When I think about these gatherings, I am always reminded of how happy I am that my grandparents came from Italy. The love and friendship that I experience here is amazing, yet not surprising. Len and I are both fortunate to have grown up with similar Italian traditions: big family gatherings, always too much food, lots of stories and laughter, everyone talking and listening at the same time, and always room for guests, who just like here, often became extended family members. And fortunately, we continue to experience and pass on these wonderful traditions, both sides of the ocean.

After dinner, we enjoyed just picked fresh figs from the garden, another thing that my grandmother loved…

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©Blogginginitaly.com

Along with limoncello, although we had to wait for it to thaw a bit!

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©Blogginginitaly.com

Thanks to our hosts for an incredible dinner and evening, and most of all, for their friendship and love.

©Blogginginitaly.com

©Blogginginitaly.com

Ciao,
Judy

 

 

Food, Friends, Family

30 Aug

The greatest benefit we enjoy in returning to Cortona year after year is the friends we have made. Many are local and others are repeaters who love the town and its people as much as we do. Being small in size, it’s nearly impossible to walk down the street and not see familiar faces. Friends here become extended family, and spending time with them is a favorite pastime.

Last night, 25 of us gathered for a traditional Italian celebration of friendship. When we arrived, the setting welcomed us with open arms:

©Blogginginitaly.com

©Blogginginitaly.com

As did three generations of the family:

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©Blogginginitaly.com

The beautiful table would soon be filled with food and lots of conversation, and the bbq in the back let us know that grilled meats were part of the dinner.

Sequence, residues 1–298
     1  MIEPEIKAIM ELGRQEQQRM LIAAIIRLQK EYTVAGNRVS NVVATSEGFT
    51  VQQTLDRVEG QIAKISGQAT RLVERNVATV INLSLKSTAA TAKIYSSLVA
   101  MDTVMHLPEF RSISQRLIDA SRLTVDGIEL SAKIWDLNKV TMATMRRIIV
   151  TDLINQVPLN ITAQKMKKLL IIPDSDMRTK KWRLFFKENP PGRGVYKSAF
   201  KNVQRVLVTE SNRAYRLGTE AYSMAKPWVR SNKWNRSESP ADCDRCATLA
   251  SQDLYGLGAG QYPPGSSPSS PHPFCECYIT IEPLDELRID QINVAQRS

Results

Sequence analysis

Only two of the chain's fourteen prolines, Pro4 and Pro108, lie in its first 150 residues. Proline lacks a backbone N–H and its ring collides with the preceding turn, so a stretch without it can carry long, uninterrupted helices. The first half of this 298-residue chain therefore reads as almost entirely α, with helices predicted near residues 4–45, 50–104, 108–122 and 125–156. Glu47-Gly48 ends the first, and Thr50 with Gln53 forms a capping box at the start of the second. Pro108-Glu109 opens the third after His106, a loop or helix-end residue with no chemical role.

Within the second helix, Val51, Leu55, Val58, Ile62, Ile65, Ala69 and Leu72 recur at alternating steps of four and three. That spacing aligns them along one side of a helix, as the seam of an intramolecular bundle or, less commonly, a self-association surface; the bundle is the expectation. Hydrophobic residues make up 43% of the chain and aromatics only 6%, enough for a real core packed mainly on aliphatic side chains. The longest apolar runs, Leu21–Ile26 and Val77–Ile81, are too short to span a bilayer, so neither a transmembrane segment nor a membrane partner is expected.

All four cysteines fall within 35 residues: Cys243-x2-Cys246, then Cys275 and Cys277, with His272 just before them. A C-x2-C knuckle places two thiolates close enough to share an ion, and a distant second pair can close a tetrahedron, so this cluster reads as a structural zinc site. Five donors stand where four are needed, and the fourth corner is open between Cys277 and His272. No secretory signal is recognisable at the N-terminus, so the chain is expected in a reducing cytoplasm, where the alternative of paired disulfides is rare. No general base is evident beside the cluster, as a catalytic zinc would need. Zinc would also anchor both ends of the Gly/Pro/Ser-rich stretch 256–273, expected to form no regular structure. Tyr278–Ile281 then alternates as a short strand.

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©Blogginginitaly.com

The challenge, of course, is pacing oneself.

First up, Aperitivo, almost a meal in itself. Everything is freshly cut and sliced. I’ve yet to be in an Italian kitchen that doesn’t have a deli sized meat slicer! This course is generally served with Prosecco, and soon the corks were popping.

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©Blogginginitaly.com

For Primo, we enjoyed homemade lasagna, both meat and vegetarian styles,

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©Blogginginitaly.com

Followed by melanzana, (eggplant parmigiana).

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©Blogginginitaly.com

For someone like me, who generally feels that pasta è basta, (pasta is enough), sticking to smaller portions is essential.

Next up, time for grilling. First the steaks…

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©Blogginginitaly.com

cooked to perfection.

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©Blogginginitaly.com

followed by sausages…

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©Blogginginitaly.com

and served with salad.

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©Blogginginitaly.com

At this point, almost all are leaning back in their chairs, taking a deep breath, and thinking they have reached the end…until…

Time for dessert!

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©Blogginginitaly.com

Fresh fig and fresh apple/pistachio tortes served with gelato, caramelized figs, and moscato, a sparkling white wine.

Una bellissima serrata, as we say here…a beautiful night… filled with great food, great friends, and lots of love. We also had a surprise visitor during Aperitivo. Our dear friend Ted (who is looking terrific!),  joined us via FaceTime. After everyone said their hellos, we raised our glasses and saluted him and his health with a rowdy round of Brindisino!